The Eagles on Friday signed wide receiver Devon Allen, a former Olympic hurdler who last played football in college at Oregon in 2016.
Allen is a three-time national champion in the 110 hurdles and competed in the 2016 Olympics and again in the 2020 Olympics that were delayed a year because of the COVID-19 pandemic. While he has said that he plans to compete in the U.S. Track & Field outdoor championships in June and the World Athletics Championships in July, Allen recently worked out for NFL teams at Oregon’s pro day.
“I just kind of announced myself back in football like seven days ago at the Oregon pro day, and that was my official announcement like ‘hey, I’m getting back into it, and my intent is to play pro football,’” Allen said on an Instagram Live session with the CBD brand Mendi. “And then I talked to Howie Roseman 20 minutes after pro day. They were excited about me, which means a lot.”
The 27-year-old Allen played three seasons at Oregon, his best coming in 2014 when he caught 41 passes for 684 yards and seven touchdowns. His season ended, though, when he suffered a torn right ACL injury in the Rose Bowl.
He caught only 13 passes for 235 yards and one touchdown in nine games over the next two seasons before suffering another torn ACL, this time to his left knee. He returned, however, and devoted himself exclusively to hurdling.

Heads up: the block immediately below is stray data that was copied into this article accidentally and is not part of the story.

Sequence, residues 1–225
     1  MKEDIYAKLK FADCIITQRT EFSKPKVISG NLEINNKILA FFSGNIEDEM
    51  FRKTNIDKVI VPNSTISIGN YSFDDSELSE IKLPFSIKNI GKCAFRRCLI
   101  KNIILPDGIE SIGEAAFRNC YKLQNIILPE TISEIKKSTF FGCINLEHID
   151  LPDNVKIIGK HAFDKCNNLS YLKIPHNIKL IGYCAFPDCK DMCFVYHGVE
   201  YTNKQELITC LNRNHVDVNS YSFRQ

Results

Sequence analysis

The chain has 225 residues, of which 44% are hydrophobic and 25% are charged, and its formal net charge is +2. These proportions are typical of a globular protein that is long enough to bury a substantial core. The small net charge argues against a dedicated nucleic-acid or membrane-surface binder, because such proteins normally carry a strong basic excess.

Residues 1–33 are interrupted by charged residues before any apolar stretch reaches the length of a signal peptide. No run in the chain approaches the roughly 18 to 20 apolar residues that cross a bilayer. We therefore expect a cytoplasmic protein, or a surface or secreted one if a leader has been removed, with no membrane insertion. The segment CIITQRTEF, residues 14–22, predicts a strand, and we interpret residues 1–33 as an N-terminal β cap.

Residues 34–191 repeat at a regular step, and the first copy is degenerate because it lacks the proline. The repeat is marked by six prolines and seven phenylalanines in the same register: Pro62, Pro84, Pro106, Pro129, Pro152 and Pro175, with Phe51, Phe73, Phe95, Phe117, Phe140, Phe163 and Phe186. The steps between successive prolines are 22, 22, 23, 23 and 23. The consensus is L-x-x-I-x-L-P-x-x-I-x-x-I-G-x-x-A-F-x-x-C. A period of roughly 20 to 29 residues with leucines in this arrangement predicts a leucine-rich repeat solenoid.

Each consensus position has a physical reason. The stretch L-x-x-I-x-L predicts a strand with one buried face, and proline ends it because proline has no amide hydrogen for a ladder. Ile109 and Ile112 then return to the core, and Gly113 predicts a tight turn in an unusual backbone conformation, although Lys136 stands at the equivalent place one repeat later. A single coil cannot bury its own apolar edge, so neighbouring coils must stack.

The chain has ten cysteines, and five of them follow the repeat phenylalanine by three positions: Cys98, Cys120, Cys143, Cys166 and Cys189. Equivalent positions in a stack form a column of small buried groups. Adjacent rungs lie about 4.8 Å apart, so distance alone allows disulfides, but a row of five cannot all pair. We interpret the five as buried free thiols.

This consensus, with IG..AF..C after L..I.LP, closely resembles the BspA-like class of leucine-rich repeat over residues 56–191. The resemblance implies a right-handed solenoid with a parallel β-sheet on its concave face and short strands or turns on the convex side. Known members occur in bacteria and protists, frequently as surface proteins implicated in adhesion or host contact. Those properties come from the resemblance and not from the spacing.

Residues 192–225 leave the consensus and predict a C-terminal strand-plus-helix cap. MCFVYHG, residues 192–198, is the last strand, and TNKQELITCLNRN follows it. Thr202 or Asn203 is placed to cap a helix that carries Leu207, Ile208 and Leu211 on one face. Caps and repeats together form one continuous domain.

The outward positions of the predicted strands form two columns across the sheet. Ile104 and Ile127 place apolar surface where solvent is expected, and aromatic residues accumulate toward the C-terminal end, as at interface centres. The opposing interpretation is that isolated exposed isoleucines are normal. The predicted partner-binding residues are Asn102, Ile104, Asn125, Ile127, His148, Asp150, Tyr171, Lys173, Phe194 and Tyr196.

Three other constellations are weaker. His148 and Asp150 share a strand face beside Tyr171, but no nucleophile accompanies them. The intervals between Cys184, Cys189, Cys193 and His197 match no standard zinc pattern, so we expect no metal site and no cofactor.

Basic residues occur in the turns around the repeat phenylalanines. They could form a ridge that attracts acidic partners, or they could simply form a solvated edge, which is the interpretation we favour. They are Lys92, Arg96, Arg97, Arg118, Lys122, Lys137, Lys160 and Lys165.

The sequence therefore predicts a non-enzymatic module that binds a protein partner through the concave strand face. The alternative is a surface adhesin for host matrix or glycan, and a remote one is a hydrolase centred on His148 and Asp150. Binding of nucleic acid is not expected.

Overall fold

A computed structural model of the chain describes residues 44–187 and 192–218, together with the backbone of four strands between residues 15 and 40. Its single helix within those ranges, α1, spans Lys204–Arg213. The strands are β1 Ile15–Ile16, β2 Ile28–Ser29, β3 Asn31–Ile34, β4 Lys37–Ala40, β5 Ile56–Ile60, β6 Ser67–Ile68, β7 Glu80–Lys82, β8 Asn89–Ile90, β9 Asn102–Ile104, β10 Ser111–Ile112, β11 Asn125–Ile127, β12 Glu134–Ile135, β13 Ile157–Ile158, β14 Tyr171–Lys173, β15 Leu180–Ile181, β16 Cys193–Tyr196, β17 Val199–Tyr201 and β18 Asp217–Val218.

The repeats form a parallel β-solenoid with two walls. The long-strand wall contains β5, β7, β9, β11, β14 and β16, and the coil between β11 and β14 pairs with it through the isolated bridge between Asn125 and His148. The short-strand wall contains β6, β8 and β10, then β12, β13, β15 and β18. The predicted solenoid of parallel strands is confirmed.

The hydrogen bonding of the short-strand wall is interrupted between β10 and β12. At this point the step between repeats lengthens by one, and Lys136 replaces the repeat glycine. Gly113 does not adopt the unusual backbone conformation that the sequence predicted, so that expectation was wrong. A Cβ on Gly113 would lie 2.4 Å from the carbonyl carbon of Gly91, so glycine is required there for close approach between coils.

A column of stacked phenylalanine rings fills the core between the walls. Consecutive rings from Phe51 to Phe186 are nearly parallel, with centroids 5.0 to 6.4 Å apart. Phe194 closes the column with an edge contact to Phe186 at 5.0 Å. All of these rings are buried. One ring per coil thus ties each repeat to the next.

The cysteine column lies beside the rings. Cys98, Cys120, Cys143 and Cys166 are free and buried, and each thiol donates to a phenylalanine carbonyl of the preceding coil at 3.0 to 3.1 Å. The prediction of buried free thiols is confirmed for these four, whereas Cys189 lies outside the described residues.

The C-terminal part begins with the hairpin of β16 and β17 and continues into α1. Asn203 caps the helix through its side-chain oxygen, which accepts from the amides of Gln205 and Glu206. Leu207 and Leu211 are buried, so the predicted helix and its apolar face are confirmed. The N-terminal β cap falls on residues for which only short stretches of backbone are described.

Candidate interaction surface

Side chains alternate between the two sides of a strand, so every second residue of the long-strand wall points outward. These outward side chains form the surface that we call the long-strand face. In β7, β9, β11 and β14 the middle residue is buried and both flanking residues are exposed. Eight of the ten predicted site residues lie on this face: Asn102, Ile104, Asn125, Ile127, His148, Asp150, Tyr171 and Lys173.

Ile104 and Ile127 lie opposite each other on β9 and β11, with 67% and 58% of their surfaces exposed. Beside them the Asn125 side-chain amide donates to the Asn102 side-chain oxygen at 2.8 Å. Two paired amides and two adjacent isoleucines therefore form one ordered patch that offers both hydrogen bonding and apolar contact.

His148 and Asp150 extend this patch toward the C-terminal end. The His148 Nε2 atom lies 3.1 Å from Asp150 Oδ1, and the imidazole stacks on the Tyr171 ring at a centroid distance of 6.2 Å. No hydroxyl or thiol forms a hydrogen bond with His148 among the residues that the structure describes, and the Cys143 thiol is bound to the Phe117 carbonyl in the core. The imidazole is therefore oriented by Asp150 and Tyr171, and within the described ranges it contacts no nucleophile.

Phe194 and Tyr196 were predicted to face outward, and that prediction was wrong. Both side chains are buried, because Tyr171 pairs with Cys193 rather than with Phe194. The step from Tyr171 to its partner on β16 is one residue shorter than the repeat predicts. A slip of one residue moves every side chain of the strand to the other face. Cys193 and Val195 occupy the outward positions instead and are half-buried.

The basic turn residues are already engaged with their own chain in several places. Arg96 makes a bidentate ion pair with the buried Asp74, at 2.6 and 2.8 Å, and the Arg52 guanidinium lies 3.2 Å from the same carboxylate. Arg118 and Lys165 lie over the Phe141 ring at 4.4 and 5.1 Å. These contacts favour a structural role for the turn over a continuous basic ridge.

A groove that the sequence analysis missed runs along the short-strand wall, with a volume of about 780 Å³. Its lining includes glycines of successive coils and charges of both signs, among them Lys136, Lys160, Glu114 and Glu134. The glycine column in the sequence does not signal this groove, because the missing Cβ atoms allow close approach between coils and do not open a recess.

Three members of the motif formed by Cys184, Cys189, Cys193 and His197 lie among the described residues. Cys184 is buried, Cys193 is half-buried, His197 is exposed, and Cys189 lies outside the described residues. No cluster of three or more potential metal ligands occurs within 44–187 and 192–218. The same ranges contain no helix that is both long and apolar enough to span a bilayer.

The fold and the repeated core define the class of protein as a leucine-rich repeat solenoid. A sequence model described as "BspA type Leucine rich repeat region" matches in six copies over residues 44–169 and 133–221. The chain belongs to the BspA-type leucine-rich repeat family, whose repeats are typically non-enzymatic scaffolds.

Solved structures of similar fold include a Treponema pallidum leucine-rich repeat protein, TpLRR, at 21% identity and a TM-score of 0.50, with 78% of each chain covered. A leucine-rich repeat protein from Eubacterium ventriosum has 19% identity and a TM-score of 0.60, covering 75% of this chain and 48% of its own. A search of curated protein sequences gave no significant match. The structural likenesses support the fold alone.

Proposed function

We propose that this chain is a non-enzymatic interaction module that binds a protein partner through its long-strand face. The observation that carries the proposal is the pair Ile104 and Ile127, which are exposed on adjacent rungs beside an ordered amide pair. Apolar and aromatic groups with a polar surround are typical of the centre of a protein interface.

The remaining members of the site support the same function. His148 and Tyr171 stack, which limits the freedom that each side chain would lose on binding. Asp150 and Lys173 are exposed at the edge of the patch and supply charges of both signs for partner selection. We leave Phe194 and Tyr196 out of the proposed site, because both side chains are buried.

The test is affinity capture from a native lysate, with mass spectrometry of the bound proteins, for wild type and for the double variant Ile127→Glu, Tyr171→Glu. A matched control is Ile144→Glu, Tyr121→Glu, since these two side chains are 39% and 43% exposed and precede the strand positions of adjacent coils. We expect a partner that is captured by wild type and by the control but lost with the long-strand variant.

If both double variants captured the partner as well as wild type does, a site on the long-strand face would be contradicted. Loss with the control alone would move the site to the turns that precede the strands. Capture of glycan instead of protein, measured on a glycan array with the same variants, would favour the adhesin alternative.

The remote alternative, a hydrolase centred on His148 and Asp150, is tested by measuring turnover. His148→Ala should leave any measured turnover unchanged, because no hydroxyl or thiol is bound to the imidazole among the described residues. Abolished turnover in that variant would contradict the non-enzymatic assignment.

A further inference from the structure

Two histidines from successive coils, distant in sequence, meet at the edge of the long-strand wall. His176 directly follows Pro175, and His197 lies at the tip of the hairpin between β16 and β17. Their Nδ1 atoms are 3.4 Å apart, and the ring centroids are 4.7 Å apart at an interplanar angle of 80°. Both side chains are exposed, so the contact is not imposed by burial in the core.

Allen finished fifth in the 110 hurdles in the 2016 Games in Brazil with a time of 13.31 seconds and finished fourth at 13.14 seconds in Tokyo five years later. In his last race of the 2021 season, he broke the 13-second barrier, becoming just the 13th American to accomplish the feat.
The 6-foot, 191-pound Allen ran the 40-yard dash somewhere in the 4.35-39 range at the pro day in Eugene, Ore., according to various reports. He also had a 34.5-inch vertical jump, ran the three-cone drill in 7.23 seconds, the 20-yard shuttle in 4.55 seconds, all unofficial times, and caught passes for scouts in attendance.
Allen said he was in Philadelphia on Thursday and spoke with coaches about learning the offensive scheme. He planned to participate in the Eagles’ OTAs and then after the World Championships in Oregon go to training camp in Philadelphia.
“It just seems like a good opportunity just to see what I can do and contribute to a football team that made a great run last year into the playoffs, and I think with some of my natural tools, my speed, it’s going to be a big help just spreading the field open,” he said. “I’ll be able to do a lot of things in the return game and special teams-wise as well. So I really think I can help the team, and that’s kind of my goal is to be there in whatever capacity I can to help the Eagles win, and the goal is to win a Super Bowl.”
Over the years, the Eagles haven’t been shy about signing players who haven’t taken traditional paths to the NFL. Their greatest success in that department was drafting Australian rugby player Jordan Mailata in 2018. Mailata has since become the Eagles’ starting left tackle and signed a four-year, $64 million extension last year.